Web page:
facebooktwittergoogle_plusmailfacebooktwittergoogle_plusmail

Wait … a local charity has ties to a Central American country’s new national health strategy?

When Eric Peterson sold his Waterloo, Ontario-based health systems company in 2001, he and his wife – and business partner – Christina Munck had no idea what they wanted to do next, but they had three simple requirements for whatever it would be.

“First, it had to be something socially useful,” he says over the rim of his coffee at a small cafe in downtown Campbell River.

“Second, it had to be something we were good at. And third, it had to be something we enjoyed – which would just sort of naturally follow from the first two requirements. I think it was just understood that we were going to enjoy doing something that was socially useful that we were also good at.”

Around that time, Peterson says, “there was a huge focus on international health,” but that focus was mainly on developing drugs and vaccines for specific diseases.

“It was all about finding the perfect drug to combat aids or a vaccine for malaria,” he says. “While those things are tremendously valuable, I thought at the time – and I still think today – that having health systems is equally, if not more important. How can you deliver drugs, how can you deliver treatment, how can you fight disease if you don’t have doctors and nurses and some kind of organized structure in a system that can deliver it?”

He says he watched that very issue develop with the Ebola outbreak in Africa.

“The countries that had reasonably strong health systems, like Nigeria, did quite well,” he says. “The places like Sierra Leone, like Liberia, that had poor health systems … all the drugs and all the treatments and all the interventions don’t make much sense if you don’t have the capacity to deliver them.”

So how could Peterson and Munck help? After all, they knew health systems.

They’d been helping make them for years before an offer “too good to pass up” came along and sent them off looking for something else to do.

Fast forward to May 15, 2015. Guatemala City, Guatemala. The Guatemalan Ministry of Public Health and Social Assistance (MSPAS) announces its new national strategy for strengthening primary health care. There will be a renewed focus, the department says, on maternal and infant health and nutrition and the challenges faced by rural and remote communities.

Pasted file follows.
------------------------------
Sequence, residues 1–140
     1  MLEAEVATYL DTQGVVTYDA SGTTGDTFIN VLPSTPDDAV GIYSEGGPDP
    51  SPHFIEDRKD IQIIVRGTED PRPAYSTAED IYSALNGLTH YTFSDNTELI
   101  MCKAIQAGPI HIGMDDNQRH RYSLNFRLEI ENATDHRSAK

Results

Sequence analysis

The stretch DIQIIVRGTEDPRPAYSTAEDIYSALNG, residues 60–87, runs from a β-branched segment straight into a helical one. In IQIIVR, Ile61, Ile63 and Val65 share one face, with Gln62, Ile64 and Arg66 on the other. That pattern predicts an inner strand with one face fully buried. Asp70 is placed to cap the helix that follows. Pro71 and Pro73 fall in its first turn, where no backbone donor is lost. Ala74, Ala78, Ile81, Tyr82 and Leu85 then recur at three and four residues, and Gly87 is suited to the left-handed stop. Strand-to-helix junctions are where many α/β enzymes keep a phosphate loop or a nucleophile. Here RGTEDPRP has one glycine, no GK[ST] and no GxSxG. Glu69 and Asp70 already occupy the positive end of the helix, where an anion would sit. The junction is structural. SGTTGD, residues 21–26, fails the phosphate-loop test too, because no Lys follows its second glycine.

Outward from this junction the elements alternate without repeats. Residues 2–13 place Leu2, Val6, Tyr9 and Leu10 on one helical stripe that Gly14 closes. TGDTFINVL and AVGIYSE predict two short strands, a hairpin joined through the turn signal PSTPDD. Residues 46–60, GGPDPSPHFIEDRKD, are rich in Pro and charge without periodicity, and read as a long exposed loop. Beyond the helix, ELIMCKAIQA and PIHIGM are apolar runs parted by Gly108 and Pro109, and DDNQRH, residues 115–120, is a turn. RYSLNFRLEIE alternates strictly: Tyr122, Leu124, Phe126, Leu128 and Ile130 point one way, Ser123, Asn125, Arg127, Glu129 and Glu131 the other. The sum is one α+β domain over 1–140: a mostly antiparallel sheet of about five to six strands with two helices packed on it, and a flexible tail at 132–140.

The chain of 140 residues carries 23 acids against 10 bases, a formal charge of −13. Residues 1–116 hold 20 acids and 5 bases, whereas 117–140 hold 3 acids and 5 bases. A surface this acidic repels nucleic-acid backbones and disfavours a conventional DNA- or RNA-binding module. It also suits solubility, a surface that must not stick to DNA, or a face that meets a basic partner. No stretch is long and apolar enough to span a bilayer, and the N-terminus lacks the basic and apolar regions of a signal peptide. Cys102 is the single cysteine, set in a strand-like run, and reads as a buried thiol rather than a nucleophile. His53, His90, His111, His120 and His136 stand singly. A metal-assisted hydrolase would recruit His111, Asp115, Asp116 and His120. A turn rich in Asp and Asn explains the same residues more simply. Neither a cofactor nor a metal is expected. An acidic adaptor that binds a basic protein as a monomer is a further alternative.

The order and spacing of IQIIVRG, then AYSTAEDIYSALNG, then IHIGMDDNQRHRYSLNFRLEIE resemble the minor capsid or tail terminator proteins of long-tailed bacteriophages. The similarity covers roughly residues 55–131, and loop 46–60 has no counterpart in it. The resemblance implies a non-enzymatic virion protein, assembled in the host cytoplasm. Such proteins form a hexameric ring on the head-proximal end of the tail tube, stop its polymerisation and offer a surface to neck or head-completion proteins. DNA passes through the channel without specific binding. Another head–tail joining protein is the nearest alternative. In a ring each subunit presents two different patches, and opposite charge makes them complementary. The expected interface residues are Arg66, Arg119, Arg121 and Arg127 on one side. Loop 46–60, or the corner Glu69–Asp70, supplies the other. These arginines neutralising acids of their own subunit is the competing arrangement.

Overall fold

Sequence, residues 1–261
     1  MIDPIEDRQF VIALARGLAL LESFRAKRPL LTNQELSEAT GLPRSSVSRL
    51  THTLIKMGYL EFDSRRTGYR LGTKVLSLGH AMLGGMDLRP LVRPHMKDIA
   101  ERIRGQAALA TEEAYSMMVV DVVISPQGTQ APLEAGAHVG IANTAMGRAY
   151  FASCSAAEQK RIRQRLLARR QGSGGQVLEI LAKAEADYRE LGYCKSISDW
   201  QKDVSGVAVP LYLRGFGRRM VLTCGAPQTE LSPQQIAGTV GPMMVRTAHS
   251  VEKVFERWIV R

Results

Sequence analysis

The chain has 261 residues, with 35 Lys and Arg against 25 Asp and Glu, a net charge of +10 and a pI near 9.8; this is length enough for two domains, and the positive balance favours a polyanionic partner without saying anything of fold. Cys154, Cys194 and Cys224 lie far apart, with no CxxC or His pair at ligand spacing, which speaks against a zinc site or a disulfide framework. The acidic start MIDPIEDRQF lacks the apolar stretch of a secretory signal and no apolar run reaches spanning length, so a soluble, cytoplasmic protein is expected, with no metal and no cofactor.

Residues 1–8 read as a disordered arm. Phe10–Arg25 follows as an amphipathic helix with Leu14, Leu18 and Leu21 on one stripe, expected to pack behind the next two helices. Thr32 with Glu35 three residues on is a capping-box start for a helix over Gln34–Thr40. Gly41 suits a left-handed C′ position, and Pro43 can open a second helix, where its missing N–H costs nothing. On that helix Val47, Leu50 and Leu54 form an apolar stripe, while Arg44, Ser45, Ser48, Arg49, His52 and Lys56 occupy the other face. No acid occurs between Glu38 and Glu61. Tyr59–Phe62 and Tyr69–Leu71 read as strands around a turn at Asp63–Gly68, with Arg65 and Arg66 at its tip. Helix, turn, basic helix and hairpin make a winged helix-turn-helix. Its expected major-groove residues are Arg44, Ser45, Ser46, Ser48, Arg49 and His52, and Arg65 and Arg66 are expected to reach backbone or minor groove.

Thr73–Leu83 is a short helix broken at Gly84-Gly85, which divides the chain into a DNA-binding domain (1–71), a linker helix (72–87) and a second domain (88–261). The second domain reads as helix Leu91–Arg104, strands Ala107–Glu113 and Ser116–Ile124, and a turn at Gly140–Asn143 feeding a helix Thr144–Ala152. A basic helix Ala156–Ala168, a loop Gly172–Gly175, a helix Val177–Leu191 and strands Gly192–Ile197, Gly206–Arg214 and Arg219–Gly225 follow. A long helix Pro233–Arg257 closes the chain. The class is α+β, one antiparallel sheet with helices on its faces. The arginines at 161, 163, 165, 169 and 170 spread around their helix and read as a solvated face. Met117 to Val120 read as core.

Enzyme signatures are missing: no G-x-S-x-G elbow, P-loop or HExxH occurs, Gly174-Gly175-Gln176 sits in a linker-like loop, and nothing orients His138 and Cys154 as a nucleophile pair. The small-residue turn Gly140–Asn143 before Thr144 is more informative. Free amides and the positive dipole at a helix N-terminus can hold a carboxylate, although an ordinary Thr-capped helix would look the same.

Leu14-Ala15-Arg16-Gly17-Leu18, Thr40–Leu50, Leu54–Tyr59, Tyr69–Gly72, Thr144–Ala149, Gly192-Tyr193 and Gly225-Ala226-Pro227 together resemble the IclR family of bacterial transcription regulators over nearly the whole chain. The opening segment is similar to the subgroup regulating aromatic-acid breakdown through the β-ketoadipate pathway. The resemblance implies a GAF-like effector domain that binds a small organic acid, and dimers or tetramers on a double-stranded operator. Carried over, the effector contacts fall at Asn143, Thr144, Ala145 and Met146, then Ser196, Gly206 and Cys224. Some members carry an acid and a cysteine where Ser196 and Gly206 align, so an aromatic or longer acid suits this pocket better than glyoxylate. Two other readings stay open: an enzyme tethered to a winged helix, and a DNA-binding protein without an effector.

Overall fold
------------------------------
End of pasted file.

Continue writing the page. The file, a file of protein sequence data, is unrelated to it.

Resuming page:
The roots of this initiative, strangely enough, go back in time and across the globe to a registered charity – a Canadian Non-Governmental Organization (NGO) based in Heriot Bay on Quadra Island. That organization is called the Tula Foundation – Peterson and Munch’s post-corporate-buyout project.

The Tula Foundation arrived in Guatemala in 2003, knowing about the dire state of their medical system, especially in rural areas, and brought with them Peterson and Munck’s expertise in health systems and the technology utilized within those systems.

Over the first few years Tula was in Guatemala, they were examining the issue of a lack of medical practitioners in the country, and were working with a nursing school in Alta Verapaz – one of the poorest regions in Guatemala – and Canadian partners from the Centre for Nursing Studies (based in Newfoundland) along with the Canadian International Development Agency (CIDA) to train nurses by distance education to remedy that situation.

“You can’t do without nurses,” Peterson says. “If you’ve got a health system that’s depleted in nurses, you’ve got a real problem. So that seemed like a good place to start.”

Thanks largely to the dedication and strength of the local nursing school, Peterson says, they were able to make huge strides in training locals in remote communities to become medical caregivers within those communities.

By 2007, the other partners had left, and Tula had taken over full responsibility of the program, founding TulaSalud (Salud meaning “health” in Spanish) as a Guatemalan subsidiary, at which point they also began work on a tele-health network to increase and improve communications, training and medical data storage within the country.

That tele-health network eventually became an Android App called Kawok.

Kawok is a case management system for Community Health Workers (CHWs) – many of which are trained by distance through the TulaSalud distance education initiative – which allows them to track public health issues, focusing on maternal and infant health within their communities and into rural areas.